Actually, humans are poor performers at see-and-avoid tasks. I can’t tell you how many times ATC has called out traffic – traffic at your 10 o’clock, traffic at your 11 o’clock, traffic at your 12 o’clock, traffic at your 1 o’clock, traffic no longer a factor – and I’ve never seen it. Back when we were first looking at “sense and avoid” now “detect and avoid” for unmanned systems, the official position was just make the machine do it as well as a human. I was like, ok, that’s easy because humans really suck at it. Then they realized what they were saying, and numbers like 1×10^(-6) (1 in a million) or even better were being thrown around, which is much better performance than a human. I’m not saying give up on “see and avoid”, especially in uncontrolled congested areas, but the tools they are saying pilots’ eyes are glued to are giving better information generally IMHO. What’s probably missing is some sort of aural or visual alert like TCAS to help the pilot understand there is a situation evolving so they don’t have their heads buried all the time. I avoided being drilled by an Airbus descending into me (C172) from behind not because pilots saw me but because their TCAS went off. I heard it going off when they called ATC and shortly later saw them flying right by off my right wing.

Jason B.

Poll: Have You Ever Landed, Taken Off Or Lined Up On The Wrong Runway?

  • I served aboard four U.S. Navy carriers in my career. It was not uncommon, especially during EMCON (restricted emission) flight operations and war at sea operational training for an “opposing carrier” aircraft to line up visually and land on our deck without anyone saying a word – as is what you do in an EMCON silent operation. It was when the aircraft stopped that most realized the pilot’s error and it was an opposing force aircraft. Quickly getting spray paint and various squadron and ship logo templates, the plane was quickly maimed by the crew’s effort and then pilot was directed to the catapults and quickly launched to return to his home carrier, albeit a little red faced on landing. I assume one must ignore the ship’s large white hull number painted on the island and the flight deck. – Robert M.
  • Flying into Burlington VT for the first time from a trip to Canada. Was given 19 and lined up for 15 (the longer runway). Thankfully, they corrected me as I am sure they get that quite a bit. After landing, four F-16s took off right behind me the opposite direction on 33. They were waiting for me to land and clear the runway. If that wasn’t a well learned lesson, I don’t know what was. Never do that again!! – Joe P.
  • Student cross country a million year ago. Hayward to Merced. Merced has 2 airports. KMCE has a 6,000′ runway. KMER has a 12,000′ runway. They were both uncontrolled when I did that flight. Apparently, they look the same from a 152… – William
  • I did it once, shortly after getting my Private license in ‘86. Instead of being embarrassed, I realized a moving map display might have prevented the error and started the Argus moving map display program at my company. Best mistake I ever made!
  • Almost! Started to line up in the wrong direction but an alert tower operator alerted me!
  • Was heading for the wrong airport. From certain directions it is hard to pick out Boeing field and was heading toward Sea-Tac the first time I flew to the Seattle area. Must happen there many times because the controller pointed that out as soon as I switched to approach control.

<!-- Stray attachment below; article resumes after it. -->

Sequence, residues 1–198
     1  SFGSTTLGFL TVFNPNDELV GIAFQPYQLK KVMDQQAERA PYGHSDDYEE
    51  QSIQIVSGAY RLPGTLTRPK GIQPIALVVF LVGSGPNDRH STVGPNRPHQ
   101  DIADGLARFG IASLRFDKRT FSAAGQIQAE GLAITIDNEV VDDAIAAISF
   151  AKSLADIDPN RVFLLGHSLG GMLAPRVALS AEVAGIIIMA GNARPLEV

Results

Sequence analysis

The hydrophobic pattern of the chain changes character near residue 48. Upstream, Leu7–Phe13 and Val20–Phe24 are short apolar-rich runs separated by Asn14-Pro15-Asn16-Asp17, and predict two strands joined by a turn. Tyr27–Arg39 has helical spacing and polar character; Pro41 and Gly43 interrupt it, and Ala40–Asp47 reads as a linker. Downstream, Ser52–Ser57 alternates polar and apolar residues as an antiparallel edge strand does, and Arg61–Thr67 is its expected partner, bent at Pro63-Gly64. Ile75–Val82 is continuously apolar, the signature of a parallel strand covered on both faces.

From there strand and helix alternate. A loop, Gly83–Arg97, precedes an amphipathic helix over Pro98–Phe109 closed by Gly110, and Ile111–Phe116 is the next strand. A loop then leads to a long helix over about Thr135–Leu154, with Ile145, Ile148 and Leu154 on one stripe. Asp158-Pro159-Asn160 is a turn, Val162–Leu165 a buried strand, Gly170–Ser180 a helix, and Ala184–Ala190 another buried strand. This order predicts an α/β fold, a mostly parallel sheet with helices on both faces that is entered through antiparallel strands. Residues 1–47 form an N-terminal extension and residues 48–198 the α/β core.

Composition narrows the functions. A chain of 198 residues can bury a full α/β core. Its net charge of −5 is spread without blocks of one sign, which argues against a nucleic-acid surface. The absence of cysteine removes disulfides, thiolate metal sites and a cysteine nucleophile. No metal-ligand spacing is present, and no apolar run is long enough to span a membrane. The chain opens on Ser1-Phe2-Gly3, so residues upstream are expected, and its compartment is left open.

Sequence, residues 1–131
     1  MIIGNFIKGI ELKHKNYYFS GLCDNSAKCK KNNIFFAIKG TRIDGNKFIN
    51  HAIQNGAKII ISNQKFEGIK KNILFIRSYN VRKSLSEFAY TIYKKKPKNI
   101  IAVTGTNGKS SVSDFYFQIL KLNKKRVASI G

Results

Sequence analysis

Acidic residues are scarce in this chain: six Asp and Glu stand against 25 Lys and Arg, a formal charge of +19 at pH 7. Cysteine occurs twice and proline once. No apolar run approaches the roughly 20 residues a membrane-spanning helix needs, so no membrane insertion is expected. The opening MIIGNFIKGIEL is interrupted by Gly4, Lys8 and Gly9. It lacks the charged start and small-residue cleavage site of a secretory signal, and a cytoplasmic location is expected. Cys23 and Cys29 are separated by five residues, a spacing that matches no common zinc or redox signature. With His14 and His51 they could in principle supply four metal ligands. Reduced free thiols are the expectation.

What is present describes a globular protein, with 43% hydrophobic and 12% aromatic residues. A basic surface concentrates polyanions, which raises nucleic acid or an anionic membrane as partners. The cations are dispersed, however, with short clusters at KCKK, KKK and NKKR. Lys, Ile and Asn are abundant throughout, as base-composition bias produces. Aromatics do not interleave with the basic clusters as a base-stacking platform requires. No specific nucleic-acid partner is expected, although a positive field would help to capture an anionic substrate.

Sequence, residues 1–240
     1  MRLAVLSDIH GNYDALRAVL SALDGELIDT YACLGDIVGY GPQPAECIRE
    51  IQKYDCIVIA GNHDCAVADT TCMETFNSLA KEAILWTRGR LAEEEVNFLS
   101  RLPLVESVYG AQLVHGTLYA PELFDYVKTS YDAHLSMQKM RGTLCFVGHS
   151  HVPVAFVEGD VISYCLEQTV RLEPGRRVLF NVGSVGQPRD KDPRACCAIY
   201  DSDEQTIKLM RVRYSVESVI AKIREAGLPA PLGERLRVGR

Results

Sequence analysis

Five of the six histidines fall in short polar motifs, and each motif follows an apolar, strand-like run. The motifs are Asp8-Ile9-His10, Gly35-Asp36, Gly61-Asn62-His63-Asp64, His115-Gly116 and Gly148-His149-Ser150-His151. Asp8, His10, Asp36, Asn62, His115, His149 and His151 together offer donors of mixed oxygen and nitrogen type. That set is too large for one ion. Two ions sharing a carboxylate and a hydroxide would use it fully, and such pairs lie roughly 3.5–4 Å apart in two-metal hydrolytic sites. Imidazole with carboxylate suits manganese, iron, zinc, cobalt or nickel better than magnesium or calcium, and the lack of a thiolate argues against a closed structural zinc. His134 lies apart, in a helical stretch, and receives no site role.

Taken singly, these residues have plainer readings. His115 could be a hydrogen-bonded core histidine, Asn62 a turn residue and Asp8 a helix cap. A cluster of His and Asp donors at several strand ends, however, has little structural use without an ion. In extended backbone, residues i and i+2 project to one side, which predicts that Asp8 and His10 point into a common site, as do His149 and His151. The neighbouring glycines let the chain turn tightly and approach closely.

• As a new pilot, I once entered a 45 to the wrong runway. Luckily, there was nobody else in the pattern and I only needed to make a slight turn to correct.
  • Lined up on the wrong runway, but tower re-cleared me to land the one that I had mistakenly lined up on. 1986 Cut Bank, Montana.
  • I had to land on a taxiway once in a glider due to a Bonanza taking off without clearing the traffic pattern. He did not have his radio on either.
  • Taxied to the wrong runway, but caught my mistake before it was too late. Used connecting taxiways to get to the proper runway and hold for a landing aircraft before takeoff.
  • Was about to land on the wrong runway but pulled up at low level.
  • Lined up? All the time! (Then again, I’m flying with students.) In fairness, that taxiway was a runway at some point.
  • Began lining up for wrong runway, but caught myself before fully aligned and simply adjusted for correct runway.
  • Landed in the correct direction, but called the other.
  • I did line up with a taxiway once, but noticed well before it became an actual issue.
  • Wrong airport at night.
  • Lined up to land on a taxiway. Oy…
  • My instructor sent me to Columbia airport in California in 1968 but only told me to be careful, use Unicom and check for landing directions. You land into a hill and take off the opposite direction. Two aircraft took off while I was on approach, one a twin fire-fighting aircraft.
  • Almost landed at the wrong airport with similar runway configuration.
  • Lined up incorrectly on downwind. 31 vs. 13.
  • I took off on a parallel taxiway; dense fog, night, had been up for 24 hours. Never thought it would happen.
  • Taxied halfway to runway 35 before I realized it needed to be 17. Nontowered airport.
  • Wrong runway AND wrong airport.
  • As a pilot, once. As a controller at a major airport, seen it many times by crews of all experience levels!
  • Landed with tailwind.
  • Not yet.
  • ATC. See it all the time.
  • Never been to a ‘multi-strip’ airport.
  • It was the right runway for me…